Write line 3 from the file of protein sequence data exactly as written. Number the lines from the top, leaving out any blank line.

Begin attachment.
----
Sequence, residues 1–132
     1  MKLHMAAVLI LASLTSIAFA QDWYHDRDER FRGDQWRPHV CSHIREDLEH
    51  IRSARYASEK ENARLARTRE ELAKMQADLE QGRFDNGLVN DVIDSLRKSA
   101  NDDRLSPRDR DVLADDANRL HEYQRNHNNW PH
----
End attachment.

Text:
    51  IRSARYASEK ENARLARTRE ELAKMQADLE QGRFDNGLVN DVIDSLRKSA